Decorated police officer appeals

Posted: 26th June 2012

A decorated police officer who tried to cover up a deceased colleague's affair to spare his grieving family is asking judges at the Court of Appeal (Civil Division) to salvage his career.
Whilst investigating a Constable's death in an October 2008 road accident, the appellant, a police sergeant, discovered that his colleague had been having an affair with a female Special Constable and had spent the night before he died with her.
Concerned about the impact of such a revelation on the deceased's long-term partner, the appellant - who had 22 years unblemished experience in the police - instructed a junior officer to 'find and destroy' the deceased's mobile phone, which he feared would contain 'awkward' text messages.
The junior officer reported the matter and, after an internal disciplinary inquiry, the appellant - who admitted what was described as a 'one-off aberration' - was required to resign by his Chief Constable in November 2009.
The Police Appeals Tribunal (PAT) later ruled that the claimant should be reinstated at the demoted rank of Constable. However, that decision was last year overturned by a High Court judge who upheld an appeal by the Chief Constable.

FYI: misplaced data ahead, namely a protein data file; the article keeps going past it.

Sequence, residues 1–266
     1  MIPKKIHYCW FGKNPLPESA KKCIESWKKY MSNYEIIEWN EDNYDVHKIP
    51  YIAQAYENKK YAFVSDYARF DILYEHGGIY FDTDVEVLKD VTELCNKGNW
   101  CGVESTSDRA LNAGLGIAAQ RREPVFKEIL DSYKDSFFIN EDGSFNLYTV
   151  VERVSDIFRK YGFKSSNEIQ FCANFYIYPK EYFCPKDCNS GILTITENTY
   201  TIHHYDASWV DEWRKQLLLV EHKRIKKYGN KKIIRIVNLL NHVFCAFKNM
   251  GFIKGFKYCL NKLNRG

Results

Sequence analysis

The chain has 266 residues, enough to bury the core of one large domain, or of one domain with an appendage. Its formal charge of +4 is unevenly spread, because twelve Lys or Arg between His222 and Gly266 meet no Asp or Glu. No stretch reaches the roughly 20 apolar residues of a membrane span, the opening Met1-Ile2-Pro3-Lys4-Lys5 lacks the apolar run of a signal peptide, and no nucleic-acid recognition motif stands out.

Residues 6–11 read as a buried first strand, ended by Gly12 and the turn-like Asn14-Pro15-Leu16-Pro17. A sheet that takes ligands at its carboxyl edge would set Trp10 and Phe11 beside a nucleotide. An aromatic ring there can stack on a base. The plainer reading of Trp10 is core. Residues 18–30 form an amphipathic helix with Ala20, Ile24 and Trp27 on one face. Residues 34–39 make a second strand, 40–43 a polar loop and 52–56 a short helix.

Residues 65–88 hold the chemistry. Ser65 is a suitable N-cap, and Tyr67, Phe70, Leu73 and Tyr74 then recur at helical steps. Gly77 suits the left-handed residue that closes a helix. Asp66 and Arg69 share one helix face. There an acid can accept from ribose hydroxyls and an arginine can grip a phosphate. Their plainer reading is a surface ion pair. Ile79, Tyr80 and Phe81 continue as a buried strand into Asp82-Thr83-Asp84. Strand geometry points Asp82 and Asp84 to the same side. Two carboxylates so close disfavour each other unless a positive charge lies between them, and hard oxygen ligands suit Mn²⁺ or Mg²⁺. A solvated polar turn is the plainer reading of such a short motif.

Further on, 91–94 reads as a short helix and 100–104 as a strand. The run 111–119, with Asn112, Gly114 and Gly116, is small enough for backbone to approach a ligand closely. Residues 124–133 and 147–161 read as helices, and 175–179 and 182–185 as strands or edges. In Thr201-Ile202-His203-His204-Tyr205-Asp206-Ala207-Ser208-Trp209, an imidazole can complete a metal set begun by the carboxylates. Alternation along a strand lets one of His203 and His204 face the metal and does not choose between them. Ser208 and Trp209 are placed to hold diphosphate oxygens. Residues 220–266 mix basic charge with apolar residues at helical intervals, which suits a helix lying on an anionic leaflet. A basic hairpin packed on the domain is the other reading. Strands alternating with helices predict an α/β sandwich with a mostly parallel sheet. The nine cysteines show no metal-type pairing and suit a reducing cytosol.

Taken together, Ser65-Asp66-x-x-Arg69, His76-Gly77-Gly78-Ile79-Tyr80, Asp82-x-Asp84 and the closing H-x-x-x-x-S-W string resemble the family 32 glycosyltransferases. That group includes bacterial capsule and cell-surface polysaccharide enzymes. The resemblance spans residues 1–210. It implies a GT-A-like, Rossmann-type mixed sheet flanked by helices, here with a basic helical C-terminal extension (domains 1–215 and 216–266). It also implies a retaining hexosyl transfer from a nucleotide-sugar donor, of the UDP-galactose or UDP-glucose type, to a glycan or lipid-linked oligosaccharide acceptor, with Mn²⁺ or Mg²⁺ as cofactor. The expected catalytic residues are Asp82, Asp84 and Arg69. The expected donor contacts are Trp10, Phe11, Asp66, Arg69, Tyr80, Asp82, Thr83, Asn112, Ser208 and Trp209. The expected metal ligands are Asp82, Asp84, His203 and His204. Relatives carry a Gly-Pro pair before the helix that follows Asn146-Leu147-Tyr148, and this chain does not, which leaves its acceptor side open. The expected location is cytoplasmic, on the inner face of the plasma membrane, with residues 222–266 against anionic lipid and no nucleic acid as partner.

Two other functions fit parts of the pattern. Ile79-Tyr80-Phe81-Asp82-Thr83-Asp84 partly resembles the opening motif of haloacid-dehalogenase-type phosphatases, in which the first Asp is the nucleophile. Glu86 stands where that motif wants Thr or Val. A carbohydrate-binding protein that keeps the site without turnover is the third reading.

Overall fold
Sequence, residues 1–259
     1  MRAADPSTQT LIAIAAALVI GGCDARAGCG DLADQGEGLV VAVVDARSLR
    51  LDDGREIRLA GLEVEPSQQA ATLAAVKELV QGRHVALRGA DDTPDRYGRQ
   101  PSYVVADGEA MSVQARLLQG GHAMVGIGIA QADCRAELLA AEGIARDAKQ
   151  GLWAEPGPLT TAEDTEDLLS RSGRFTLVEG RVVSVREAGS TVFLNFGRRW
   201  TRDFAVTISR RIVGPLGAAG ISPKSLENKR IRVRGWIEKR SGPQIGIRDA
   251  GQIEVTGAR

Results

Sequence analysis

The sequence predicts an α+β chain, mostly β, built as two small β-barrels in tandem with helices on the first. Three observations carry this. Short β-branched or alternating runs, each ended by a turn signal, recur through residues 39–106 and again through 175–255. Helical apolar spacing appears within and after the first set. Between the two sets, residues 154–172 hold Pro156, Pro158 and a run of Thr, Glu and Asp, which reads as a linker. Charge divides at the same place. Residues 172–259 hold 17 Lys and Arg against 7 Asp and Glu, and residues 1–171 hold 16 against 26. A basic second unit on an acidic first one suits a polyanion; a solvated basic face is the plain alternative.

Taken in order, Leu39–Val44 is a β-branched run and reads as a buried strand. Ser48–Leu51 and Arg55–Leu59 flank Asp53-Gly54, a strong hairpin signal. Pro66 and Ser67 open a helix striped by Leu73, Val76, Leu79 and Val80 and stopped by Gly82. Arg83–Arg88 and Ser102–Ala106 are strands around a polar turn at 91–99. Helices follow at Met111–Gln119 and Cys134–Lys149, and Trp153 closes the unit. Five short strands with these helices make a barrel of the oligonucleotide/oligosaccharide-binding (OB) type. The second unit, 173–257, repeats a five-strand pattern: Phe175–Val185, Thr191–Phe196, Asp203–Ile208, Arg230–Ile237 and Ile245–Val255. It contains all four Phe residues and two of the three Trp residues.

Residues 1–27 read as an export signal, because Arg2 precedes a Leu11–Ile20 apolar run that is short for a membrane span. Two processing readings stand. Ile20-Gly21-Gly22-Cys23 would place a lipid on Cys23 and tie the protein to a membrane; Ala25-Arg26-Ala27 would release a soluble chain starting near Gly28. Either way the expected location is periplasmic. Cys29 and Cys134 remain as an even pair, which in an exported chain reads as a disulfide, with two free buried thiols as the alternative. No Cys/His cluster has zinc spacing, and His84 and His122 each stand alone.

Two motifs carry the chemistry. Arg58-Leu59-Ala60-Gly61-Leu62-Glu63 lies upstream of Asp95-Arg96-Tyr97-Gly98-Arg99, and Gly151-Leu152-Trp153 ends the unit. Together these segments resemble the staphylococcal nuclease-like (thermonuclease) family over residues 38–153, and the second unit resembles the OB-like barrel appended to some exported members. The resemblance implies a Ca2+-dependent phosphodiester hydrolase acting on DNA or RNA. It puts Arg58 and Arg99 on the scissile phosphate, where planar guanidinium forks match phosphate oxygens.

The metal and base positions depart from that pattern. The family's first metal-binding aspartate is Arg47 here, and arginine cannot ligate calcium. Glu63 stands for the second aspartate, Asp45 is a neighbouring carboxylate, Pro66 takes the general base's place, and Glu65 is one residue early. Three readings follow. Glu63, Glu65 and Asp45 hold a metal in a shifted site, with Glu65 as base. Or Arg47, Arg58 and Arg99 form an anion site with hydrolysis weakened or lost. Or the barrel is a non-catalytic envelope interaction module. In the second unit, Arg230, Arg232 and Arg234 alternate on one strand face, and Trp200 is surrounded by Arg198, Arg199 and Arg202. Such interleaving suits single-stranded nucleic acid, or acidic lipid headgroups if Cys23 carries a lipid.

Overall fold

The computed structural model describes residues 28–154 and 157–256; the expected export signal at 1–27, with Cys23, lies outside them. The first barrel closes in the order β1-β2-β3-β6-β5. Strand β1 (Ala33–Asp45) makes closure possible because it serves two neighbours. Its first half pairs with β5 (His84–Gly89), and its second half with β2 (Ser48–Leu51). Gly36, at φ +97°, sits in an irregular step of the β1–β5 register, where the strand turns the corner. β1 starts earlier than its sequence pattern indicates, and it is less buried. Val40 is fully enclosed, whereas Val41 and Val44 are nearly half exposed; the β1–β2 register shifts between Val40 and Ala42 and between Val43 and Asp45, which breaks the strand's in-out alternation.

The appellant is now trying to convince the Court of Appeal that what he did out of 'misguided loyalty' to a deceased colleague was not serious enough to justify terminating his police career.
The appellant's barrister, Martin Westgate QC, argued: "The appellant's intention was solely to act to protect the deceased's family. His motivation was to avoid the further distress and devastation which knowledge of the deceased's affair would cause to his family.
Police car
"Unlike almost any other case of dishonest conduct, the appellant acted out of concern for others and did not act for personal gain of any sort, nor to cause harm to another.
"He acted out of a sense of misguided loyalty and altruism in order to protect the deceased's family and reduce the already immense grief and upset that they would most likely be suffering as a result of their loved one's death."
However, John Beggs QC, representing the Chief Constable, said that the public are entitled to rely on the absolute honesty and integrity of police officers and that the decision to require the appellant's resignation could not be faulted.
"The appellant's misconduct was very serious. He intended a junior officer to retrieve and destroy a mobile phone that could have contained evidence from a wrecked vehicle during an investigation into a fatal road traffic accident.
"The act of dishonesty was premeditated and calculated", said Mr Beggs, who added that the attempt to destroy evidence took place in "an operational context" and involved an "attempt to suborn" a more junior officer.
Recognised as a foremost expert in road traffic accident investigations, more than 20 years of flawless service saw the appellant receive commendations from his Divisional Commander and the Chief Constable.
Lords Justice Maurice Kay, Stanley Burnton and Gross have now reserved their decision on the appeal until a later date.